What I mean by this is hard to explain, it’s more of a metaphor for the order in which the relevant things appear in the process – read my part about the cellular automaton model of physics in my above reply first.

There is a computational way that will generate a circle – they will converge on a perfect circle the higher you push the precision.

But, in no way can that ever happen.

So, the only way in which the exact mapping between the generated perfect circle and the perfect circle can exist is if we have infinite resource.

It doesn’t even make sense to call it an approximation of it, it could never be it.

The thing that comes first in reality, is the imperfect circle, then we invented a mathematical construct (a non-computable one) that describes reality.

So, in that sense, the perfect circle is the approximation of reality.

But, the means by which the imperfect circle came to be is unrelated to the description of the perfect circle.

It just seems from our human perspective to be the other way around.


#38

This is where Godel’s Incompleteness Theorem says “not so” but it also says “not ever” There is always a true statement that cannot be expressed within any system… ad infinitum… but again, this a concept which basically says Mathematics can never completely describe reality… even with infinite resources (which does not exist)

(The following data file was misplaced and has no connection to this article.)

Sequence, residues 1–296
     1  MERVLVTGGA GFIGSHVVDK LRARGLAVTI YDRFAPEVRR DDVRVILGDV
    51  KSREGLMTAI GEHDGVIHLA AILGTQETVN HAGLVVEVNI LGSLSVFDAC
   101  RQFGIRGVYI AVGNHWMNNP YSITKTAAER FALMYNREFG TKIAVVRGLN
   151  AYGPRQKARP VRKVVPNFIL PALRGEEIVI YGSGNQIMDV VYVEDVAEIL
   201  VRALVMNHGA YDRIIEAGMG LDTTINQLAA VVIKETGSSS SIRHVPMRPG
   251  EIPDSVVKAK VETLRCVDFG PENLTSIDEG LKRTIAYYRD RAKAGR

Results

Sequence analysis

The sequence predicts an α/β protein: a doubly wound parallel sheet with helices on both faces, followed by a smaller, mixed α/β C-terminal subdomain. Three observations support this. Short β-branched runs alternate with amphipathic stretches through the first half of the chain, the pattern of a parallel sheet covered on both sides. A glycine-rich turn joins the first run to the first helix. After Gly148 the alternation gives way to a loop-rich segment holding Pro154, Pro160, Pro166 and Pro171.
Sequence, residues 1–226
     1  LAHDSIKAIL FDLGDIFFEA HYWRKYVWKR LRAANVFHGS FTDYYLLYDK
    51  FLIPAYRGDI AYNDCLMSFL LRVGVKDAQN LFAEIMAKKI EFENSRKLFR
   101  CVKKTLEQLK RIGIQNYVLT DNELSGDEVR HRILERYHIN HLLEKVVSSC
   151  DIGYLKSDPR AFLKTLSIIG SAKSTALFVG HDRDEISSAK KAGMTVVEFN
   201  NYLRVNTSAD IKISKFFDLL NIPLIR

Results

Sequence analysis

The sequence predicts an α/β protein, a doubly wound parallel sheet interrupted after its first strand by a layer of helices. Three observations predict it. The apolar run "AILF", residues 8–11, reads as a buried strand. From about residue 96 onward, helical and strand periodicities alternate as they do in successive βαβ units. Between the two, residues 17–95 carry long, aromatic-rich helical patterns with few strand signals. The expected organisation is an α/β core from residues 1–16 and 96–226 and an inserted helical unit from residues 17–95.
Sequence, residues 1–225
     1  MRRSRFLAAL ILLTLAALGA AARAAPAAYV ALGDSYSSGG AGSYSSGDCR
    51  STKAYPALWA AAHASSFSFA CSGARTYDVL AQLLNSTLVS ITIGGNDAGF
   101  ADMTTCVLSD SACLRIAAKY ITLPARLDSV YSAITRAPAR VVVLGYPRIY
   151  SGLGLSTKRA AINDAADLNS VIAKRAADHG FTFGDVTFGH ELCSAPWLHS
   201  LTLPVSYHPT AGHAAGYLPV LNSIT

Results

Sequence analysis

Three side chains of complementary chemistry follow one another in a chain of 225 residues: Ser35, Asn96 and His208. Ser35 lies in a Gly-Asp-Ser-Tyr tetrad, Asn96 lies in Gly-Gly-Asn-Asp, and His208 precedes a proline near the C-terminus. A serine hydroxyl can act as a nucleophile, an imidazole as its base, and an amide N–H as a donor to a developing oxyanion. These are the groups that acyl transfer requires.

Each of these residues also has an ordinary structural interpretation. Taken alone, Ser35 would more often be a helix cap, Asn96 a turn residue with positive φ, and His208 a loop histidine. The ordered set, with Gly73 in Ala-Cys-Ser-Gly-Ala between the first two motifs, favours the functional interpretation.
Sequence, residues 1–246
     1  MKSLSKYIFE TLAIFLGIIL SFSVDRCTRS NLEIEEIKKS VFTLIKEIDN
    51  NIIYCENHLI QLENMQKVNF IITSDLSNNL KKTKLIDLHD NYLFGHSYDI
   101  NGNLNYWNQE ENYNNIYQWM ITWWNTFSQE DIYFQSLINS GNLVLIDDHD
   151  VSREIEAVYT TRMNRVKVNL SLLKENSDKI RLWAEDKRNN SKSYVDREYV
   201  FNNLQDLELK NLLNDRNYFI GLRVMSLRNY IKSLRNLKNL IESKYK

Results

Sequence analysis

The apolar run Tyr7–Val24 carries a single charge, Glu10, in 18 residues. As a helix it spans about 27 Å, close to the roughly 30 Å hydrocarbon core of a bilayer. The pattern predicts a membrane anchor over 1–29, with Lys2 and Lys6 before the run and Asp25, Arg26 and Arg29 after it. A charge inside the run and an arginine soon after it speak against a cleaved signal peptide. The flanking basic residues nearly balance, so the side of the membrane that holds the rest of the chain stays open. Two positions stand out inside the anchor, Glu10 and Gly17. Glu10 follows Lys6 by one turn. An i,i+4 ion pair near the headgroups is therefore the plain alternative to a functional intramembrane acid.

#39

True, however, the theorem only applies to statements that are self-referential.

This system requires no self-referential statements, as at each possible manipulation of the graph, it branches into a separate subgraph.

So, effectively (at the quantum level) every possible derivative chain of causality is contained within deeper and deeper nested subtrees.


#40

But here, the limit is only a potential limit, not a limit that is required up front.

Which is why I say, going into philosophical territory, from the outside perspective we cannot take, the multitude of everything exists statically.

But only if you can exist outside of the system.